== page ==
Screening for allergies is necessary in order to identify the specific allergens that trigger reactions. By identifying the specific allergens, an allergy sufferer can avoid them as much as possible to reduce the frequency of reactions.
There are several different tests available to identify allergens. Blood tests, which screen for antibodies produced in response to allergens, are commonly used. The most common blood test is the enzyme-linked immunosorbent assay (ELISA), which measures the amount of immunoglobulin E in the blood. Although blood tests can find a wide range of allergies, including those that may not even produce symptoms, they are less sensitive than other tests.
Skin tests are a very effective tool in screening for allergies. In skin tests, a tiny drop of a solution that contains the possible allergen is placed on the skin, which is then scratched or pricked so that the allergen enters the body. The skin is then checked for an abnormal reaction. In this way, specific triggers of allergic response may be identified. Depending on the situation, more extensive testing may be required to determine specific triggers. Allergy skin tests are commonly administered to diagnose conditions such as allergic rhinitis (hay fever) and eczema, as well as allergies to foods, bee venom, latex or penicillin.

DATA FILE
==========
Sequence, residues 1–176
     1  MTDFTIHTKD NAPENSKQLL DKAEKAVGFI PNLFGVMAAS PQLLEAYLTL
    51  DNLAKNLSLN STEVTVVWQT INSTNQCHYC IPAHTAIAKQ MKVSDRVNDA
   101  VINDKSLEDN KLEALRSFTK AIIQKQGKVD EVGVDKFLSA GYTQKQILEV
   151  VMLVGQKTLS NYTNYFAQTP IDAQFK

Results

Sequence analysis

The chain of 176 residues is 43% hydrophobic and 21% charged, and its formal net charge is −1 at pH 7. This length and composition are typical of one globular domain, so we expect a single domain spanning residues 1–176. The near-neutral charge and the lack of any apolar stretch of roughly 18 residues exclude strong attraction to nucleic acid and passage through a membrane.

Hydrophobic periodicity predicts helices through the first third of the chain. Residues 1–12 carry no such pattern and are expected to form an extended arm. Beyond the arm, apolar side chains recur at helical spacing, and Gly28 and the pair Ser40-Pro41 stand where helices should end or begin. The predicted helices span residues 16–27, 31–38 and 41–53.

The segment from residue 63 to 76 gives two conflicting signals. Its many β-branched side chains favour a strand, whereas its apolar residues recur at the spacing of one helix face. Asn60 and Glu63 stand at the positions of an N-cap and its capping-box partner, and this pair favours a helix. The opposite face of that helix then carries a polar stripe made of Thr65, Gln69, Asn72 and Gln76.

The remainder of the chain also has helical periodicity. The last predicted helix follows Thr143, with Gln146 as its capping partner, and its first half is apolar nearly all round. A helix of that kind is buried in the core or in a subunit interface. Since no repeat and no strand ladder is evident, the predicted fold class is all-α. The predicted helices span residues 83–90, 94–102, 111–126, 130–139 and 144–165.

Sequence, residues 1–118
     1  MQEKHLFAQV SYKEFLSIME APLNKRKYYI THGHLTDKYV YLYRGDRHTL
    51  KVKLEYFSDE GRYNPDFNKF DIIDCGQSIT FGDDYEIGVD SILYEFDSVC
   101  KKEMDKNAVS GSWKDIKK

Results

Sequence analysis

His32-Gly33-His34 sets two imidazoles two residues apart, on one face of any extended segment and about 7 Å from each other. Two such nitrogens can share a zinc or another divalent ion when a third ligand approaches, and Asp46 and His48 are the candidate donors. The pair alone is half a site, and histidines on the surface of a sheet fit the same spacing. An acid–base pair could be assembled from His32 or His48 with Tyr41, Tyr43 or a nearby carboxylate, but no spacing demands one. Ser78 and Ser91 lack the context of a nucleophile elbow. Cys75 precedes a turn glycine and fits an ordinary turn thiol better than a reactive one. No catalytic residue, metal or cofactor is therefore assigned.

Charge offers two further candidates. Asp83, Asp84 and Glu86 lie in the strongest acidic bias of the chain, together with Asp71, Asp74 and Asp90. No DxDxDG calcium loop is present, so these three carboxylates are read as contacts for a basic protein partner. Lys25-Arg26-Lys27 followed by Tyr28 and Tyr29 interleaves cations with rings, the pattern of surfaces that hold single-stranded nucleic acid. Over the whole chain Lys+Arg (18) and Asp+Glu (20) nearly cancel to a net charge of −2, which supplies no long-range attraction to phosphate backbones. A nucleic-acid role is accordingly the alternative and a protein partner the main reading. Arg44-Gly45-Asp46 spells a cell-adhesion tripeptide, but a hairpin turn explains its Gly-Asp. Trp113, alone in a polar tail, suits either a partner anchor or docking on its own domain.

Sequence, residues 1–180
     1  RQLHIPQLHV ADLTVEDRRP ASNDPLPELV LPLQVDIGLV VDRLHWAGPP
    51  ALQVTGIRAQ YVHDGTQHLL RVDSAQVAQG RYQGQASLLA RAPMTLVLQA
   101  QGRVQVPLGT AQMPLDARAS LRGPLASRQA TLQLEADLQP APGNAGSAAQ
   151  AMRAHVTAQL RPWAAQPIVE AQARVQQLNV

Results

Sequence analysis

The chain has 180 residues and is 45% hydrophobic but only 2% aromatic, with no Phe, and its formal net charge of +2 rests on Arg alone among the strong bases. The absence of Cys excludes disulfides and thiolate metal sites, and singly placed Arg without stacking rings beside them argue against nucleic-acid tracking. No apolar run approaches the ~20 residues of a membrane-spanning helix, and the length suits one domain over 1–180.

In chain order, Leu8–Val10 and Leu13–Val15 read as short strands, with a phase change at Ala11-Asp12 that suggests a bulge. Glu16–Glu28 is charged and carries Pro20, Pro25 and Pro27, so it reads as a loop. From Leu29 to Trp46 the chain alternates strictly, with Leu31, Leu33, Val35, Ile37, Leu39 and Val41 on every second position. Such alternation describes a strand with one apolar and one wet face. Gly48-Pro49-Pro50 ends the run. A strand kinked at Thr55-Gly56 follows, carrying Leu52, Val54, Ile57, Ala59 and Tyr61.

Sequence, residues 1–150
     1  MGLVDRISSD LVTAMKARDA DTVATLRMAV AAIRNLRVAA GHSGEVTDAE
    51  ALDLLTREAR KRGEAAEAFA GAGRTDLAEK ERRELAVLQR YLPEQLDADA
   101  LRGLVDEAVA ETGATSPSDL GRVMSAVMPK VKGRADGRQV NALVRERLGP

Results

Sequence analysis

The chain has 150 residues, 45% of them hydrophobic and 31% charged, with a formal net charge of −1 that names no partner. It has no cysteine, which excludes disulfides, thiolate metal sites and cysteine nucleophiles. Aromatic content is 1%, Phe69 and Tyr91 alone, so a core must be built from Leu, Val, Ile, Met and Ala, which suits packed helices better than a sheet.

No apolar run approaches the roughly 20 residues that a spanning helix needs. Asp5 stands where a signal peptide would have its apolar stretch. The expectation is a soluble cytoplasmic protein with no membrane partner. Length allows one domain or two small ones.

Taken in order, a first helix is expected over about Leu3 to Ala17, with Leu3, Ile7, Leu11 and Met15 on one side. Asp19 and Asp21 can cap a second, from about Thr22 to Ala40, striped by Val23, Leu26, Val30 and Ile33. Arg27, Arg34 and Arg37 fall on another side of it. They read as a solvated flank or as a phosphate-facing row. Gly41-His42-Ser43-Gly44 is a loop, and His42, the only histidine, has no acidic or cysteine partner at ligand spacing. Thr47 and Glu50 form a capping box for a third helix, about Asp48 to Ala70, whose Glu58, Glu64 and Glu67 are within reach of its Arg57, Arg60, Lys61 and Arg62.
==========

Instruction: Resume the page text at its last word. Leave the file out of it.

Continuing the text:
In some cases, patients may be required to stop taking antihistamines or other medications before undergoing testing. In other cases, particularly those in which patients have had prior severe allergic responses, they may be required to take antihistamines before testing begins.
- National Institutes of Health
- Centers for Disease Control and Prevention
- Eunice Kennedy Shriver National Institute of Child Health and Human Development
- U.S. Department of Health & Human Services
- U.S. National Library of Medicine